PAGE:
For an eco-conscious lifestyle, it’s not difficult to clean up your act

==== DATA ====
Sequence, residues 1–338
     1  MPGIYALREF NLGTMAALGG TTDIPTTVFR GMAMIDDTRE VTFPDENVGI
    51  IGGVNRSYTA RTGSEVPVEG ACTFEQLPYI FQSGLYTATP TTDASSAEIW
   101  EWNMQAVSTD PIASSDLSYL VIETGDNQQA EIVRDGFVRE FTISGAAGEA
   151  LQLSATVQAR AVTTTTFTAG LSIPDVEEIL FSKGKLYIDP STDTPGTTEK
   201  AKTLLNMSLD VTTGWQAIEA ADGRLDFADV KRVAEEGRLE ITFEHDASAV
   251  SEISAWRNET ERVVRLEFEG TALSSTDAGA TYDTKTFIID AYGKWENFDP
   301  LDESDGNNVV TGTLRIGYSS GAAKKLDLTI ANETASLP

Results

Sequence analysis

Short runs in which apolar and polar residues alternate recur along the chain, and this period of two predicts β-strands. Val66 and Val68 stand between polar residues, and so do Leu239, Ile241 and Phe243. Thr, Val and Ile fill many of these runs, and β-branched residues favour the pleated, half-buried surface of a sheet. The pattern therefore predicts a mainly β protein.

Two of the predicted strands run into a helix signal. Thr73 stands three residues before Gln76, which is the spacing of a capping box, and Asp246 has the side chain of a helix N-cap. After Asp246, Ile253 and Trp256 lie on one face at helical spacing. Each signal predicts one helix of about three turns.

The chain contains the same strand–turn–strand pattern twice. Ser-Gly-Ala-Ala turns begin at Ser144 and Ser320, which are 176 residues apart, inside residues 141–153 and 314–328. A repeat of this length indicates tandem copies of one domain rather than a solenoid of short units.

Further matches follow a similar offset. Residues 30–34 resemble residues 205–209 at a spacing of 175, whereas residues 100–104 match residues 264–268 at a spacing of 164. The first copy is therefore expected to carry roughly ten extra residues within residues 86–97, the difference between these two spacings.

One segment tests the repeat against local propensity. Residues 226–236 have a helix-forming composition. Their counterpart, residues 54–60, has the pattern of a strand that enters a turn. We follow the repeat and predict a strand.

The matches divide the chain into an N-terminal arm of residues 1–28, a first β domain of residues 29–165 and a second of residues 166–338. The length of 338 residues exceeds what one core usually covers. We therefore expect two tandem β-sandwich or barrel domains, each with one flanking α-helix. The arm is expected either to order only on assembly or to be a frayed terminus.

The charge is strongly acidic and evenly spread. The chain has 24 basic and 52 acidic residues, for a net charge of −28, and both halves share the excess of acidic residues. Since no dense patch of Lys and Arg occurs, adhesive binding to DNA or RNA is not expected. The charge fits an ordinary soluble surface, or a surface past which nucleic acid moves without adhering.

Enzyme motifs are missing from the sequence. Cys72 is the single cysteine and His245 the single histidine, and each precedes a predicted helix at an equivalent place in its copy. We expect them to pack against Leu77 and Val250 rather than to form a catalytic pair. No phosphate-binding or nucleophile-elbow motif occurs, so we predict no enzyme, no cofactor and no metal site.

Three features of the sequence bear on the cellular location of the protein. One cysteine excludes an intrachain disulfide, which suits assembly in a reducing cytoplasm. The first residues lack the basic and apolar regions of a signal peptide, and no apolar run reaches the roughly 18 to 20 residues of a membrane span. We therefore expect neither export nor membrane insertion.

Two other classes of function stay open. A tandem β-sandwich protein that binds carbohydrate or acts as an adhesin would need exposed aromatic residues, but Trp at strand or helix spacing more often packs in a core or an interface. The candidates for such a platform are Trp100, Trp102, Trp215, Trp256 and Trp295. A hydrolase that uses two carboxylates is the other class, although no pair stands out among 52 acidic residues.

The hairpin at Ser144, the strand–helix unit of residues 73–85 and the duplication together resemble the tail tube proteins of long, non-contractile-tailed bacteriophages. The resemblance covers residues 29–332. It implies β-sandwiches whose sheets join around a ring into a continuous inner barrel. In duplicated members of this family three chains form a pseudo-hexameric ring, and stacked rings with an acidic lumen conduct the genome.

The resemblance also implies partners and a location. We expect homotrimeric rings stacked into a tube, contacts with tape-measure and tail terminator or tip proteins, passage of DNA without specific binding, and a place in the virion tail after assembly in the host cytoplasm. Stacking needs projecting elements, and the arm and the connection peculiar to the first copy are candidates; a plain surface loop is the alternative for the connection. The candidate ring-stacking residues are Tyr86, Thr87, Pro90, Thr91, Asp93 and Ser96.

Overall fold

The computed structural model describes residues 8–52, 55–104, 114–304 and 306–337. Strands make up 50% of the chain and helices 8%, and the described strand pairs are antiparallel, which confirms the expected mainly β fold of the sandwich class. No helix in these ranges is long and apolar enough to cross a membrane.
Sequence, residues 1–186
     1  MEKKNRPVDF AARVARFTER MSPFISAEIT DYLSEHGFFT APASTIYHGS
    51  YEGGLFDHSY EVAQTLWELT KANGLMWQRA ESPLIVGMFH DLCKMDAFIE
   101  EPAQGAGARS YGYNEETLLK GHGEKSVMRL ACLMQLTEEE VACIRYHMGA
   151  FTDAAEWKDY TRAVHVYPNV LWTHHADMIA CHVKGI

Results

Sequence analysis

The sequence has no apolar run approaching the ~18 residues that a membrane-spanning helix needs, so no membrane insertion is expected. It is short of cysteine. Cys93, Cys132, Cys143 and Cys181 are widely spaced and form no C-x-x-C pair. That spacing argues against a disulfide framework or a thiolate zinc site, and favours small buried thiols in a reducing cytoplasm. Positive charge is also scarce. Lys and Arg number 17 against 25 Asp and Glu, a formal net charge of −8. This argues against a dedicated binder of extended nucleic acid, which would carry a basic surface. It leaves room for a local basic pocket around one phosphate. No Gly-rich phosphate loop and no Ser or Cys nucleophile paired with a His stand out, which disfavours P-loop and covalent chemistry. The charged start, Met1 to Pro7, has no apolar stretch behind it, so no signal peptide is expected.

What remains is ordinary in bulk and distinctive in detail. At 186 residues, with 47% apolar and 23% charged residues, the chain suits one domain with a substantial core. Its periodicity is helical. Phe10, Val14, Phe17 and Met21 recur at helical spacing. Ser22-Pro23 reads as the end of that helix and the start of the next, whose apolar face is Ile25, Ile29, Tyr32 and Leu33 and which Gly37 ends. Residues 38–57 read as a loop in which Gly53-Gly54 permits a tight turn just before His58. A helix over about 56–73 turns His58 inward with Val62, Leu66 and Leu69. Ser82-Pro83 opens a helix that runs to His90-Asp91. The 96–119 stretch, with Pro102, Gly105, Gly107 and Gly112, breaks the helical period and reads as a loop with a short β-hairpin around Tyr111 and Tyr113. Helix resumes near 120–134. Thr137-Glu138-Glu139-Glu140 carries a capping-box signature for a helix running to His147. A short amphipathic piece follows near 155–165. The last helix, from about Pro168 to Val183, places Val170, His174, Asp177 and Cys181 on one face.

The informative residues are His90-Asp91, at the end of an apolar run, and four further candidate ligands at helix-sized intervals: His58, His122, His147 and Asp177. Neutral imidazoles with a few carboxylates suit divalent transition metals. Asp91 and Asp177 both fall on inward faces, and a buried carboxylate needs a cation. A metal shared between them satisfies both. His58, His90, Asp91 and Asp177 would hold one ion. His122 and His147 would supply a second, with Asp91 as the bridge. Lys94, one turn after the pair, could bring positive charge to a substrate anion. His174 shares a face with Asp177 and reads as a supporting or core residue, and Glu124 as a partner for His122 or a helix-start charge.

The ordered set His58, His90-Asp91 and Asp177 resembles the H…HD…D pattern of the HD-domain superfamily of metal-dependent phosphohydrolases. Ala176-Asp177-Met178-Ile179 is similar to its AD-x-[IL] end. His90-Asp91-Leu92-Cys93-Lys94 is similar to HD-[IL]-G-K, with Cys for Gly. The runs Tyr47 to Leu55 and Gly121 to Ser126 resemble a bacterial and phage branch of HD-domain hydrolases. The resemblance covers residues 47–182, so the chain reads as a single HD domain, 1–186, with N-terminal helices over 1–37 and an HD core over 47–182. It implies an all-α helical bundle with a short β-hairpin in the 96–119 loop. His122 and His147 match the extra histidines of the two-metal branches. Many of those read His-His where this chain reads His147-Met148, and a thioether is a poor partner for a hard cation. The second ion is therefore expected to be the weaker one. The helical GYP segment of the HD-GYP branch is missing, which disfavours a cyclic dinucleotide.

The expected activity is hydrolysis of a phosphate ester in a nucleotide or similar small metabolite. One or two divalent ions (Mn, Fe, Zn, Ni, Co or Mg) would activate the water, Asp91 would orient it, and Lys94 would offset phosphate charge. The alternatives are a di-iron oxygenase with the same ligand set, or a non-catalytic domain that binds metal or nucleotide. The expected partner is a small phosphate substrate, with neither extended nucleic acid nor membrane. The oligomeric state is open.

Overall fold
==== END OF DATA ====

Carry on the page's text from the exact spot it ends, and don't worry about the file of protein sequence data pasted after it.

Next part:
first_img 160Want local news?Sign up for the Localist and stay informed Something went wrong. Please try again.subscribeCongratulations! You’re all set! We know we’re supposed to steer clear of cigarettes, trans fats and artificial everything. But who would have thought a squeaky-clean home could be bad for you, too? “Whatever you use on your floors goes into your skin and into the pads of your pets’ paws as well,” said Lisa Hall, founder of Green Clean, a Los Angeles-based cleaning operation that calls itself “the conscious cleaning service.” “If you want to have a healthy home,” she said, “cleaning products are the first and easiest step to take.” Hall’s plethora of eco-conscious clients rely on Green Clean to keep their homes spiffy with products that claim to be nontoxic, cruelty-free, pet-friendly, environmentally friendly and biodegradable. Whereas most cleaning companies use petroleum-based products or harsh chemicals such as chlorine bleach, Green Clean uses an assortment of plant- and enzyme-based products blended with lavender, citrus oils, water and vinegar. Hall said these ingredients are less irritating for people with environmentally induced asthma or allergies. According to the Environmental Protection Agency, many common household cleaners contain volatile organic compounds (also found in paint strippers and pesticides), which are emitted as gases and can have short- and long-term adverse health effects ranging from nose and throat irritation to liver and kidney damage. “I think it’s a matter of not knowing. A lot of people are, like, ‘What does it mean to go green?’ A lot of people are at different stages,” said Hall, who ran a Los Angeles mobile spa before starting Green Clean about a year ago. By the looks of it, it’s easy going green. Whereas once nontoxic products were only found in health food stores, new eco-friendly brands including Second Nature and Seventh Generation are now sold at major chains such as Target and Wal-Mart. But as more and more people jump on the go-green bandwagon, some scientists are saying “not so fast.” According to William W. Nazaroff, a professor of civil and environmental engineering at the University of California, Berkeley, products labeled all-natural or nontoxic are no panacea for the potential adverse health effects of indoor cleaning fumes. “There are plenty of bad things that are produced by plants,” he said, explaining that terpenes, substances extracted from pine and citrus to create pleasant aromas in household cleaners, create formaldehyde when mixed with ozone. Ozone seeps into homes from outside air. “I don’t want to sound like an alarmist about this stuff,” he said. “I want to achieve a certain sense of balance and perspective, and that might require people to be more fearful than they are right now. But I hope in the end people have better understanding and insight to make better decisions.” Those decisions, he said, might not have as much to do with the choice of cleaning products as with the proper use of them (though he acknowledged that choosing biodegradable products was better for the environment). Rinsing surfaces with water after cleaning, for instance, can remove any potentially toxic residue. “It’s important that any cleaning product be used according to directions,” said Glenn Williams, a spokesman for Procter & Gamble. “Even products claiming to be natural might have hazards if they are used improperly.” last_img